Global Witness report ranks Philippines 3rd most dangerous country for earth defenders
Campaigners from international rights watchdog Global Witness, along with indigenous peoples, campaigners and their supporters, holds up a newly released human rights report during a press conference in Manila in this file photo.(Photo: AFP)
An international advocacy group based in the U.K. has ranked the Philippines the world’s 3rd worst country in terms of violence against defenders of the environment.
In a report released on Sept. 13 called “The Last Line of Defense,” Global Witness said 2020 saw the highest number of attacks ever recorded on environmental activists with over half of the attacks occurring in three countries — Colombia, Mexico, and the Philippines.
A total of 227 environmental defenders were murdered across the world in 2020 according to the report.
“Our data shows that four defenders have been killed every week since the signing of the Paris Climate Agreement. But this shocking figure is almost certainly an underestimate, with growing restrictions on journalism and other civic freedoms meaning cases are likely being unreported,” Global Witness said.
The Philippines was ranked third and the worst in Asia, with 29 killings behind Colombia with 65 deaths, and Mexico with 30.
Global Witness also said that the “deteriorating” human rights situation in the Philippines since President Rodrigo Duterte came to power has received increasing international condemnation due to the involvement of the police and the military in the killings.
“Opposition to damaging industries is often met with violent crackdowns from the police and military,” the report added.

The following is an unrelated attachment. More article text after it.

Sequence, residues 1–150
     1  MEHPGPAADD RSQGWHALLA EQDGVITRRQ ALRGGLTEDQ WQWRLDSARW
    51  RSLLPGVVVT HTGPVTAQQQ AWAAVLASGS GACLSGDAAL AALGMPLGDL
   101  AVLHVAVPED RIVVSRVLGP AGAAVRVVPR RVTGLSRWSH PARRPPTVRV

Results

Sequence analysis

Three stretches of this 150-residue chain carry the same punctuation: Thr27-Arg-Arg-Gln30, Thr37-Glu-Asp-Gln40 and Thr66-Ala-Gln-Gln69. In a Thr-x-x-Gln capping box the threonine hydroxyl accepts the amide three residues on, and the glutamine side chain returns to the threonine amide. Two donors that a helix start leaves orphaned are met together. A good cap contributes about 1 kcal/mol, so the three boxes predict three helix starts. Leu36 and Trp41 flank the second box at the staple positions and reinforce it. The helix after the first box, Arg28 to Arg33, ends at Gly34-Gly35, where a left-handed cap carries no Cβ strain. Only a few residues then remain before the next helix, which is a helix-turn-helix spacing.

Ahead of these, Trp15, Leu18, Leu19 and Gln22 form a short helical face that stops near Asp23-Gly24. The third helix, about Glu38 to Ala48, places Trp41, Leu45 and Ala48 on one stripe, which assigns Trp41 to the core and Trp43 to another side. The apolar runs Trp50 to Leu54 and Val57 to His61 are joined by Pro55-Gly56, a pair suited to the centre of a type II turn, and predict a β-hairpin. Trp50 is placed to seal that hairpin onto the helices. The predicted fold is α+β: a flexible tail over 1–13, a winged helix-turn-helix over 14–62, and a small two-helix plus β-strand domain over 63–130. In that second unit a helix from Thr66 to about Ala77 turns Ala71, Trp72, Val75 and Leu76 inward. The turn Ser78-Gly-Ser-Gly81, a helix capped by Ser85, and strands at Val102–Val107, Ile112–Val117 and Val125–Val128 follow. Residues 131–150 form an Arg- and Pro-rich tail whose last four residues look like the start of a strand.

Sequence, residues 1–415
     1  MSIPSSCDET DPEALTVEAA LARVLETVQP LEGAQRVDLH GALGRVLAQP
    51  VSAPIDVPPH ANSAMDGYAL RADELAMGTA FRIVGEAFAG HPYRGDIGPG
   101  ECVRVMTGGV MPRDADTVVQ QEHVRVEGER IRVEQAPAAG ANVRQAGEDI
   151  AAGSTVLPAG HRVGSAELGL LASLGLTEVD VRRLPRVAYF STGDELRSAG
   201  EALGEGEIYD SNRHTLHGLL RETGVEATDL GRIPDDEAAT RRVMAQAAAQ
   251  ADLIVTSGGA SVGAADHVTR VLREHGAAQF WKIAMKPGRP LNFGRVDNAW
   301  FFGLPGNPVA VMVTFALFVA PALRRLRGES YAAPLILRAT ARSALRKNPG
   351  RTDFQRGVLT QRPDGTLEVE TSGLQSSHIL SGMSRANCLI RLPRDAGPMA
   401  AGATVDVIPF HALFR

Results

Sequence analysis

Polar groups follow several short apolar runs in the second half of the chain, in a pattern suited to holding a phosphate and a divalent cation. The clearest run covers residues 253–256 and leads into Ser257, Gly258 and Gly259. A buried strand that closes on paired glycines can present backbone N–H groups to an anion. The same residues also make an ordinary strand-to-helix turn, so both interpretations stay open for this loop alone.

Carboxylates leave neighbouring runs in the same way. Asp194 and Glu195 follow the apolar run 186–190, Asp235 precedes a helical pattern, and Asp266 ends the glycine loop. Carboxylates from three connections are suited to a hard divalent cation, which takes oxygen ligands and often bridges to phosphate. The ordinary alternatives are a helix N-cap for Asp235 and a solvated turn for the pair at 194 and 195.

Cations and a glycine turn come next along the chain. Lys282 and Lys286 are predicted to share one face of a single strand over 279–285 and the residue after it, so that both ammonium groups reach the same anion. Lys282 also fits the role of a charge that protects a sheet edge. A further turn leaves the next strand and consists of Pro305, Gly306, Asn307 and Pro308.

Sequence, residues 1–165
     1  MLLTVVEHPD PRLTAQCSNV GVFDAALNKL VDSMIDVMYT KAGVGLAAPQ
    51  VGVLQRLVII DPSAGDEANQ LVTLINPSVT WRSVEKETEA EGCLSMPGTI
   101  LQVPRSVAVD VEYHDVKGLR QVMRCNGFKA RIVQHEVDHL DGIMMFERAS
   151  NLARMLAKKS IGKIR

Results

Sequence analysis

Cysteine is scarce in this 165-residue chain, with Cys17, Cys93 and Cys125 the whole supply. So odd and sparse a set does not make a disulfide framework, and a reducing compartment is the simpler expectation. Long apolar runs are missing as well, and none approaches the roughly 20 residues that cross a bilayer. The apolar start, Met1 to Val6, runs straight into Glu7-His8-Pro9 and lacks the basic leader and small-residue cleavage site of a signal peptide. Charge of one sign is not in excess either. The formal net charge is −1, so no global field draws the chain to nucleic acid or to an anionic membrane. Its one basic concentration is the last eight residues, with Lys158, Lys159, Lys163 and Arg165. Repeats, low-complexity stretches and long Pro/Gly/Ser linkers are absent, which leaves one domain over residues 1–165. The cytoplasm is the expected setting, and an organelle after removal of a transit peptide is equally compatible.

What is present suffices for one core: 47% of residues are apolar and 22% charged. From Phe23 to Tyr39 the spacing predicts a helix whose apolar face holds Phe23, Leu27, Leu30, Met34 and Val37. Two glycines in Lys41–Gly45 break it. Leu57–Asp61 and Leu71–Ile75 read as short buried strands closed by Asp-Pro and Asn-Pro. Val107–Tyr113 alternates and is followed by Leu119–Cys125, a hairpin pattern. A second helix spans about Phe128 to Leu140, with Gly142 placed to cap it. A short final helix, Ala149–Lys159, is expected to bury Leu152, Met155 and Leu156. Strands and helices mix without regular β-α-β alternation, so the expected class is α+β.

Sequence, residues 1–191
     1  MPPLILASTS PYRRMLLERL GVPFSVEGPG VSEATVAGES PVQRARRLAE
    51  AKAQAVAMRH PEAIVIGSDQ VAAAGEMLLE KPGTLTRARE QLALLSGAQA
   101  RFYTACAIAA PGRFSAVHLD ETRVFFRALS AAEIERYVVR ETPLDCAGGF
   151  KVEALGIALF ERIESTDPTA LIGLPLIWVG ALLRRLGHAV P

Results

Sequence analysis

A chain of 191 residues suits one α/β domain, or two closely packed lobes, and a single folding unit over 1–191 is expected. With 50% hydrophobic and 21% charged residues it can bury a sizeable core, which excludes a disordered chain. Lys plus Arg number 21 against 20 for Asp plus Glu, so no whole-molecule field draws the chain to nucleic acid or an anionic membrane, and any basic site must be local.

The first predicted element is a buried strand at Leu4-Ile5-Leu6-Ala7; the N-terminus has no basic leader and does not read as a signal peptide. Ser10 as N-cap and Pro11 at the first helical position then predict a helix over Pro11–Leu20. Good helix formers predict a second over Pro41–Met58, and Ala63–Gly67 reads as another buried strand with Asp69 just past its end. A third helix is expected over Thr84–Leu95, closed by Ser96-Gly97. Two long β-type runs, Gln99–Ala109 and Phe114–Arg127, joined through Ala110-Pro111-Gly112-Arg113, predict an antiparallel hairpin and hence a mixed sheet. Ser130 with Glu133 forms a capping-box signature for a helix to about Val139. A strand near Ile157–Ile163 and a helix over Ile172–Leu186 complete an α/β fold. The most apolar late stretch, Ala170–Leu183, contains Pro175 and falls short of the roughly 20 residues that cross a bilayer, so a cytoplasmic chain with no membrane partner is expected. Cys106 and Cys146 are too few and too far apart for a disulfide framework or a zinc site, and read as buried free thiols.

“President Duterte’s years in office have been marked by a dramatic increase in violence against [environmental] defenders. From his election in 2016 until the end of last year, 166 land and environment defenders have been killed — a shocking increase for a country which was already a dangerous place to stand up for the environment.”
The report noted that such killings happened in countries where civil liberties are limited and called on government leaders to uphold human rights and do more to protect the environment.
“Governments have been all too willing to turn a blind eye and have failed in providing their core mandate of upholding and protecting human rights. They are failing to protect land and environmental defenders, in many cases directly perpetrating violence against them, and in others complicit with business,” the report said.
Society of Divine Word Father Flavie Villanueva, however, said the group’s call would fall on deaf ears if the government itself was responsible for the killings.
“How can the government cooperate if it is the one responsible for the killings …? As stated in the report, one can say that in the Philippines we have state-sponsored killings with links to the military and police in every murder. So how can the government cooperate? We need to change our leader,” he told UCA News.
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